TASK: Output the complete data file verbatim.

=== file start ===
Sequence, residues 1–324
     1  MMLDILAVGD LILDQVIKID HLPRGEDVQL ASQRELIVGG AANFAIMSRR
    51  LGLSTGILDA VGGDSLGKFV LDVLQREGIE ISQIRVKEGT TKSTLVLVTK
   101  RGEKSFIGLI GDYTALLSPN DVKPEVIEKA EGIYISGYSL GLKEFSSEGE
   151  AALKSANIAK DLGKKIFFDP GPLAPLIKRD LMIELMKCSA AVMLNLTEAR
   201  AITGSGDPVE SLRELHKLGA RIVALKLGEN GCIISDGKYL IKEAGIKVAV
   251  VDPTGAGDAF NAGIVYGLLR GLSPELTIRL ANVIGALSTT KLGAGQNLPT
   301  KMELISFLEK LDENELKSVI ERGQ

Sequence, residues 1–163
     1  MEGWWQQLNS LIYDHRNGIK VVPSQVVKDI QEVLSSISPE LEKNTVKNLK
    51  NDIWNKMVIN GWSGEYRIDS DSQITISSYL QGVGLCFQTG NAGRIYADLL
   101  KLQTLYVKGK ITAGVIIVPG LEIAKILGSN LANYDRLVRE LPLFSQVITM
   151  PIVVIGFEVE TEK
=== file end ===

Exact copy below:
Sequence, residues 1–324
     1  MMLDILAVGD LILDQVIKID HLPRGEDVQL ASQRELIVGG AANFAIMSRR
    51  LGLSTGILDA VGGDSLGKFV LDVLQREGIE ISQIRVKEGT TKSTLVLVTK
   101  RGEKSFIGLI GDYTALLSPN DVKPEVIEKA EGIYISGYSL GLKEFSSEGE
   151  AALKSANIAK DLGKKIFFDP GPLAPLIKRD LMIELMKCSA AVMLNLTEAR
   201  AITGSGDPVE SLRELHKLGA RIVALKLGEN GCIISDGKYL IKEAGIKVAV
   251  VDPTGAGDAF NAGIVYGLLR GLSPELTIRL ANVIGALSTT KLGAGQNLPT
   301  KMELISFLEK LDENELKSVI ERGQ

Sequence, residues 1–163
     1  MEGWWQQLNS LIYDHRNGIK VVPSQVVKDI QEVLSSISPE LEKNTVKNLK
    51  NDIWNKMVIN GWSGEYRIDS DSQITISSYL QGVGLCFQTG NAGRIYADLL
   101  KLQTLYVKGK ITAGVIIVPG LEIAKILGSN LANYDRLVRE LPLFSQVITM
   151  PIVVIGFEVE TEK